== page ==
hypertext, words and more


  • In many ways, Night Country sings a different tune than the previous seasons of True Detective. Previously, follow up seasons reception was less than favorable. Fans are salivating for a follow-up that can meet or exceed the original grit and pull of the debut season. In season three, Mahershala Ali delivered a refreshing saga that was draped in nods to the first season, but didn’t thread the needle completely. Season four however takes the core of what made season one so fantastic: murder and mysticism.

    Theology and mysticism have long treaded a thin line which Carl Sagan has touched on. Understanding our natural world is the only thing that can aid us from steering toward superstition:

    “Science is a way to call the bluff of those who only pretend to knowledge. It is a bulwark against mysticism, against superstition, against religion misapplied to where it has no business being.”

    Carl Sagan

    Night Country gives us many opposing parallels to consider within its narrative walls: Native Americans and white men. Cultures and conquests. Science and mysticism. Light and dark. Order and disorder. Environmentalism and exploitation. Machine and organic.

    The twilight of the long arctic night is a frightening backdrop. The severe darkness beckons for relief. I can hardly fathom enduring more than a few days of darkness myself. Isolation in a such a harsh dark world ratchets up those anxieties even further. The arctic night is a brief pause in an otherwise mundane cycle: daybreak is always followed by the night.

    But, not in Night Country. A chilling start, capped off with a dizzying end. SO much more is yet to come and I couldn’t be more happy with where this is headed.

  • Kinsey Grant for Morning Brew:

    HBO Max, the streaming service AT&T’s WarnerMedia revealed yesterday, is paying a reported $425 million for the exclusive rights for Friends when the show’s deal with Netflix expires in 2020. At least Monica can finally afford that apartment on her own.

    AT&T, though, can’t afford to watch other heavyweights like Disney and NBC invest in their own direct-to-consumer streaming services without planting its own flag. So it’s launching HBO Max next spring with 10,000 hours of content—both originals and classics.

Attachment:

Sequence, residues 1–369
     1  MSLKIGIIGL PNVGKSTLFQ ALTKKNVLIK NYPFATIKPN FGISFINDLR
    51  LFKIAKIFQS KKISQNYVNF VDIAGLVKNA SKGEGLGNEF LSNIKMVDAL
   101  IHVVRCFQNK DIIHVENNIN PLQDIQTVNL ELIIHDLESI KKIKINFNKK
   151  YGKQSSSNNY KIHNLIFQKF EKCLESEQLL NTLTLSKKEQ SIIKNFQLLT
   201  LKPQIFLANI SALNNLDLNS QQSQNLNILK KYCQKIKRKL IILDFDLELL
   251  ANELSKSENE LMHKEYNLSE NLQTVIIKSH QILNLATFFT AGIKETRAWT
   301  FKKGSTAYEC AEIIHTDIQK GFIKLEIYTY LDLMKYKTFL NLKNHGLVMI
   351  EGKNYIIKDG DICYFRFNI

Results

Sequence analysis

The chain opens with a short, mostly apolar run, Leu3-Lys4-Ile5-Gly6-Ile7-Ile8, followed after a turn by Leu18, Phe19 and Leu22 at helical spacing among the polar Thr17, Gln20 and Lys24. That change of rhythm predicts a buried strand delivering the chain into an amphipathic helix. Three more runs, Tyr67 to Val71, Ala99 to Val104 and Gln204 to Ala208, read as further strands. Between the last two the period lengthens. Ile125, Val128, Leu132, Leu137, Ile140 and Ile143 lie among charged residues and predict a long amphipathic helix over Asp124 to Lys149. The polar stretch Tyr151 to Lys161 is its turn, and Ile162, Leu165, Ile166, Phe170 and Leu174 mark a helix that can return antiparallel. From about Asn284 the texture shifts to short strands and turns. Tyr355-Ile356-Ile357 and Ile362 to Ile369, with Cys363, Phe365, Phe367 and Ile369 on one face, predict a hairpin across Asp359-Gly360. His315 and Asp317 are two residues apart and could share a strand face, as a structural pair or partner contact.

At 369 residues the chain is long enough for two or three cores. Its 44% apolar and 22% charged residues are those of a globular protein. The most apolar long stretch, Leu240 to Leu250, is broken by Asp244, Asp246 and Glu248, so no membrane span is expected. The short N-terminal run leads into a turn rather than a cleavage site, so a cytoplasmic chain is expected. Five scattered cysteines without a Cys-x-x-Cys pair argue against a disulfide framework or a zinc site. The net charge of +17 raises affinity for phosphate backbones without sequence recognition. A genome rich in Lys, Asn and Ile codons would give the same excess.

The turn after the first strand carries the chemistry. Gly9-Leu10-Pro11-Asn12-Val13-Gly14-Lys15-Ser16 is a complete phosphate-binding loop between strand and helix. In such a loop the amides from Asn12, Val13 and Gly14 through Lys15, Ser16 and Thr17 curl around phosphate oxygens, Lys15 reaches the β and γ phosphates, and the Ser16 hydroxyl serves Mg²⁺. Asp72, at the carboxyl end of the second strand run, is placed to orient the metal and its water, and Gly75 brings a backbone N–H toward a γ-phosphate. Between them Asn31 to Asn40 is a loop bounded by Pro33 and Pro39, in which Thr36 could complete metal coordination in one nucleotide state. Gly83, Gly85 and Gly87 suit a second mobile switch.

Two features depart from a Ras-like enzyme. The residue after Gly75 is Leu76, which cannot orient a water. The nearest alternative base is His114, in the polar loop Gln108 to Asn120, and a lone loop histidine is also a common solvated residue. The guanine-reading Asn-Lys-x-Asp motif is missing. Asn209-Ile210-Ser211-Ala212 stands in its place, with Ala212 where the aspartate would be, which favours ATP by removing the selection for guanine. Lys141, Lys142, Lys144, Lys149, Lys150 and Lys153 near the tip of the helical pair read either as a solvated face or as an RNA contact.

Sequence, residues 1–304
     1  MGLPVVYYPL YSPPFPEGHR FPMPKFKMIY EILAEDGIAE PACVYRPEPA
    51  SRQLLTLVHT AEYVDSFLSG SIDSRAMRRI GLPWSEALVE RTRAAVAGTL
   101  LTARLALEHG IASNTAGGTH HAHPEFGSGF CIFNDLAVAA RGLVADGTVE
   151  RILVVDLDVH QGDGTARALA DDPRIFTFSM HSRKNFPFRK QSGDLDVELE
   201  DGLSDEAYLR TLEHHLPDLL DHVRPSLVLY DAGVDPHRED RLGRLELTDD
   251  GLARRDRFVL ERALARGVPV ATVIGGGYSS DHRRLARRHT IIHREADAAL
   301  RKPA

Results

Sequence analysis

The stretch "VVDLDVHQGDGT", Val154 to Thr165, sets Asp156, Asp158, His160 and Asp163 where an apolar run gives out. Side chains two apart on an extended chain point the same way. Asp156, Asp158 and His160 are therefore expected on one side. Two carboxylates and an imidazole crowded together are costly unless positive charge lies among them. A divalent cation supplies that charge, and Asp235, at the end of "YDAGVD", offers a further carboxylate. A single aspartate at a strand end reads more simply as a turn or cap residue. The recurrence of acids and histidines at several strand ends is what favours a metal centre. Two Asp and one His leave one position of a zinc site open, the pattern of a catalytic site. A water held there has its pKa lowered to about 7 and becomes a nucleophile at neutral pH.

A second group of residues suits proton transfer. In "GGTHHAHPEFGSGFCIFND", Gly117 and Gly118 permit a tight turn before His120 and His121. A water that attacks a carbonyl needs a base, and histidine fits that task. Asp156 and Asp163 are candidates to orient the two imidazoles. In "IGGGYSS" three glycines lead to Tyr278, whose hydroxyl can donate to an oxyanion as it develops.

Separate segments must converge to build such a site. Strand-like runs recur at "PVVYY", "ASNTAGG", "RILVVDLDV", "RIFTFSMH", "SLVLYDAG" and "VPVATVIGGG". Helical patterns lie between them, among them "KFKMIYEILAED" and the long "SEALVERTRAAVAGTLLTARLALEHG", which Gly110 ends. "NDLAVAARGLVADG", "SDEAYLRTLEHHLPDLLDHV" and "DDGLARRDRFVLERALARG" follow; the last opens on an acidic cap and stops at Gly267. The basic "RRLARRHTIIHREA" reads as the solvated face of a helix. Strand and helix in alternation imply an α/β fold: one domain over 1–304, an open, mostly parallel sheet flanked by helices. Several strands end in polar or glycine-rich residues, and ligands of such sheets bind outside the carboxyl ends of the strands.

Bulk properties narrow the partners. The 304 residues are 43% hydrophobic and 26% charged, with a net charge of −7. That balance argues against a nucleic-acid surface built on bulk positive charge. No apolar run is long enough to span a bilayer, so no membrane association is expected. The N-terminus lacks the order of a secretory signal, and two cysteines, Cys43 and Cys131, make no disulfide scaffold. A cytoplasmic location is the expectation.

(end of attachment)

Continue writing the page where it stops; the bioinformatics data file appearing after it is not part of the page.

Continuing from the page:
This is so interesting. Like, really really interesting. The deal kicks off with Friends which will catalyze thousands (if not a few hundred thousands) of subscribers alone. The real crown jewel will be the original programming such as Pretty Little Liars (including other works in the HBO pipeline I’m sure), and featured content from other networks. The Verge reports:

    The service will feature content from “Warner Bros., New Line, DC Entertainment, CNN, TNT, TBS, truTV, The CW, Turner Classic Movies, Cartoon Network, Adult Swim, Crunchyroll, Rooster Teeth, Looney Tunes, and more.”

    Rooster Teeth? That’s new. I would have expected that from YouTube TV but HBO Max? Fascinating. It’s a pretty generous package to kick-off with. The direct-to-consumer streaming services well hasn’t dried up yet, but the options available aren’t the panacea we had hoped for. I suppose this is the future we wanted, and at least they’re competitive options. None of these services lock us in via expensive rented-hardware like cable-box providers. If anything, the programming is the lock-in. I think Netflix has learned that the hard way:

    I wonder how many subscribers Netflix will lose post-Friends? Or better-yet, how will this affect their growth strategy?